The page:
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Vol. 59. Issue 9.
Pages 601-602 (September 2023)
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Vol. 59. Issue 9.
Pages 601-602 (September 2023)
Clinical Image
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Successful Diagnostic Mediastinal Cryobiopsy by Transesophageal Endoscopy Without Using the Needle Knife
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Miguel Angel Ariza-Protaa,
Corresponding author
arizamiguel@hotmail.com

Corresponding author.
, Michele de Santisb, Francisco López-Gonzáleza
a Hospital Universitario Central de Asturias (HUCA), Pulmonology Department, Oviedo, Spain
b Pulmonology Department, Instituto Português de Oncologia de Coimbra, Coimbra, Portugal
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We report the case of a 67-year-old man admitted to our hospital due to respiratory failure and weight loss. Chest CT showed a 4cm right upper lobe mass, an enlarged subcarinal lymph node and liver metastases (Fig. 1a). As performing a conventional EBUS posed a high risk due to the patient's respiratory failure, we decided to take the esophageal route (EUS-B) with the aim of obtaining a histological sample for molecular and immunohistochemical analysis using a 1.1mm cryo-probe (Erbecryo 20402-401, Tubingen, Germany). The station 7 lymph node was localized by EUS-B and a fine needle aspiration (FNA) was performed using a 22-G needle (SonoTip TopGain; Medi-Globe, Rohrdorf, Germany) (Fig. 1b). We created a pathway (tunnel) from outside the lymph node by shortening the length of the needle, with the aim of breaking the mucosa, submucosa and finally the lymph node capsule, to allow the passage of the cryo-probe into the lymph node to perform the cryobiopsies (Fig. 1c–e). Once the lymph node capsule was broken (Fig. 1f), the cryoprobe was introduced gently under ultrasound guidance (Fig. 1g); once inside the lymph node and positioned in the desired area, the cryo-probe was frozen for 5s and the EBUS scope and the cryo-probe were taken out as a whole with no complications (Fig. 1h). The puncture sample was suspicious for non-small cell carcinoma due to the significant degree of necrosis present, however, the cryobiopsy sample was optimal to issue a definitive diagnosis (squamous cell lung carcinoma) (Fig. 1i) and perform the necessary molecular and immunohistochemical studies with an estimated tumour cellularity greater than 70% (negative EGFR, PD-L1 <50%, negative for ALK and ROS-1). During the patient follow-up there were no complications associated with the technique (no pneumothorax, no hemoptysis, no pneumomediastinum, no data of infection). Huang et al. published a case report in which they performed a transesophageal cryobiopsy to diagnose Hodgkin's lymphoma. In their procedure, the esophageal wall was first cut with a needle knife prior to introducing the cryo-probe,1 unlike our method, where we only use the 22-G needle.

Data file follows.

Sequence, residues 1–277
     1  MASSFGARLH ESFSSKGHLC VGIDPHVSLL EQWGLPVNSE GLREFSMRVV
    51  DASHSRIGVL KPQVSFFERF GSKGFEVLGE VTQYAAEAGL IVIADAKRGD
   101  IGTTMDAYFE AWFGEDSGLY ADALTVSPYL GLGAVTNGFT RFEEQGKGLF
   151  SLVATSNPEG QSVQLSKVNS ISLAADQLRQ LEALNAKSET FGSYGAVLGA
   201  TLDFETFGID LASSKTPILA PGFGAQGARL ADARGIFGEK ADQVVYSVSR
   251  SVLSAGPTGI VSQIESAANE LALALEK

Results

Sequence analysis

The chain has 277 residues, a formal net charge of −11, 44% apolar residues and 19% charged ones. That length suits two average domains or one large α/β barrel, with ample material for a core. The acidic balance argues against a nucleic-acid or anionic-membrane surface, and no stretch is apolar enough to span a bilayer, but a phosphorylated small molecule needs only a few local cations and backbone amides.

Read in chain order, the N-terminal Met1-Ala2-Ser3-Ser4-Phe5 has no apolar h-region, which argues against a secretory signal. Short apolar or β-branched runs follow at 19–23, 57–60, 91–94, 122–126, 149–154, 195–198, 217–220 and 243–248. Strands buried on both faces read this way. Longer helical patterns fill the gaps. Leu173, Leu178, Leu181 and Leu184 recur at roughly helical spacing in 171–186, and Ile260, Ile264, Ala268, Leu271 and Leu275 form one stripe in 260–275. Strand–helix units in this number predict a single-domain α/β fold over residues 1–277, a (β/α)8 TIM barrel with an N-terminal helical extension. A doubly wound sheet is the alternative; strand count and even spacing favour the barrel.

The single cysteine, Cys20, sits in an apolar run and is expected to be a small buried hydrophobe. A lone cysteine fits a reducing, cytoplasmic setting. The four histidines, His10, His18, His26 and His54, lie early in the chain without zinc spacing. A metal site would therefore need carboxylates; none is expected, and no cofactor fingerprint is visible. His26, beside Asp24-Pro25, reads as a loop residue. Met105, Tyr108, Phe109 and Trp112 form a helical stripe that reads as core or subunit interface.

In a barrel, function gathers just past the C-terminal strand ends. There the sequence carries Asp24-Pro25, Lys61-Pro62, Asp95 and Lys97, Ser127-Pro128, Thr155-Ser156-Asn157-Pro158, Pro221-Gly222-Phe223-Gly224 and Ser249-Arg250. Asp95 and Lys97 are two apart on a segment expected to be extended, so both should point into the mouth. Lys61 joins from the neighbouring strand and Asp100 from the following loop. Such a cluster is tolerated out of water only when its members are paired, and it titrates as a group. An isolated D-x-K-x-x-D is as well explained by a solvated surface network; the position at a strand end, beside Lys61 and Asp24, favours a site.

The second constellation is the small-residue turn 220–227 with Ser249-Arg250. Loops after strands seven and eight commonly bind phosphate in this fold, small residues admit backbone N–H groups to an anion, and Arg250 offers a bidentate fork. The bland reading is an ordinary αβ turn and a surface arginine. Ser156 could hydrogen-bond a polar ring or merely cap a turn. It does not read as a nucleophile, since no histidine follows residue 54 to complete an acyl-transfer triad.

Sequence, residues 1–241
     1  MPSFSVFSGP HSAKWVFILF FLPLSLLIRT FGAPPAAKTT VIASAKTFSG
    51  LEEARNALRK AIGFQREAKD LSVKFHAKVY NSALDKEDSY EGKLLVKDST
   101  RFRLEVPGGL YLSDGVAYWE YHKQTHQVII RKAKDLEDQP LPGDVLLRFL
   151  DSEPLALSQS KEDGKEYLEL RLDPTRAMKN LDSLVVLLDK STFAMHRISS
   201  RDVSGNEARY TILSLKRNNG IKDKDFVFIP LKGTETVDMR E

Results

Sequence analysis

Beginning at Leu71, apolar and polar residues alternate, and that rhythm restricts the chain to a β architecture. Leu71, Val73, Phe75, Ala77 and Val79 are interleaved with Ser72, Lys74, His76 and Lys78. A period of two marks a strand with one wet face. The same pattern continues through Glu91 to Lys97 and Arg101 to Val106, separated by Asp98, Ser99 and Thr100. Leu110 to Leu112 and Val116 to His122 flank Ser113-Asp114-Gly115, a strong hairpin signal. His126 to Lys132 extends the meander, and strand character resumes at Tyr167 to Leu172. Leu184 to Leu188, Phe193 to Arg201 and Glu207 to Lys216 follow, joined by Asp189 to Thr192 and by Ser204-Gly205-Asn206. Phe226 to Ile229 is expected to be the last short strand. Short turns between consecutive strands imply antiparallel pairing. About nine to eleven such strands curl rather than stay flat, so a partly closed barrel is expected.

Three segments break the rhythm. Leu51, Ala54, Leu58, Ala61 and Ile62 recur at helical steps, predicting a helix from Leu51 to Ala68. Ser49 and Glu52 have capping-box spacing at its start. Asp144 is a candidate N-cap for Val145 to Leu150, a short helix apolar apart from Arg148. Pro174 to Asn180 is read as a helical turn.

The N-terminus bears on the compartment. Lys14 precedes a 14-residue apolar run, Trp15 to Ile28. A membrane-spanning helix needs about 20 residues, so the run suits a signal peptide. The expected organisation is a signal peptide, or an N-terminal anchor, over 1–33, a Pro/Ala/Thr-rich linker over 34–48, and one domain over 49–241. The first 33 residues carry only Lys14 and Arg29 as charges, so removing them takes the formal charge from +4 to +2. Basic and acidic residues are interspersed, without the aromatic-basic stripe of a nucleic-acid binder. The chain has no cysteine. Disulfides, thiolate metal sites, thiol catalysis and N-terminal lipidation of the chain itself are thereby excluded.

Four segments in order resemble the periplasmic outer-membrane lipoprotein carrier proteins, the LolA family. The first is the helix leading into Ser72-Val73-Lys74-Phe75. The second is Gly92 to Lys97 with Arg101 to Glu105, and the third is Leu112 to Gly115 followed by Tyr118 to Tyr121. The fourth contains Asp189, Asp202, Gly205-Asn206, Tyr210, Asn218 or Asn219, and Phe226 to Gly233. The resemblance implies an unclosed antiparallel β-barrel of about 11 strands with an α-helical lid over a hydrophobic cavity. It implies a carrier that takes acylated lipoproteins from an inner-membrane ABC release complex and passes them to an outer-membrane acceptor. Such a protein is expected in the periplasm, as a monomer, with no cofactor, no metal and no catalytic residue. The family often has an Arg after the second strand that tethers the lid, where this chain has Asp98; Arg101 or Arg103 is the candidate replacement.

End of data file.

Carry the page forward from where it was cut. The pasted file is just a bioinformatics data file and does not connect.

Fig. 1.

(a) CT showing an enlarged subcarinal lymph node localized by EUS-B. (b) EUS-B image showing the 22-G needle (SonoTip TopGain; Medi-Globe) inside the lymph node. (c–e) We perform 10–12 passes shortening from distally to proximal the length of the needle to create a pathway with the aim of breaking the mucosa, submucosa, and the lymph node capsule. (f) Broken lymph node capsule prior to introduce the 1.1mm cryo-probe (Erbecryo 20402-401). (g) EUS-B image showing the tip of the 1.1mm cryo-probe within the lymph node. (h) Pentax EBUS scope (EB-1970UK) with 1.1mm cryo-probe in the working channel. The tip of the probe has the lymph node tissue obtained by cryobiopsy. (i) Microscopic image of cryobiopsy (10×) showing a well-preserved architecture compatible with squamous cell lung carcinoma.

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Conflict of Interests

The authors state that they have no conflict of interests.

Appendix A
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Reference
[1]
Z.S. Huang, D. Zhou, J. Zhang, W.L. Fu, J. Wang, X.L. Wu, et al.
Mediastinal nodular lymphocyte predominant Hodgkin lymphoma achieved by endoscopic transesophageal cryobiopsy.
Respiration, 101 (2022), pp. 190-194
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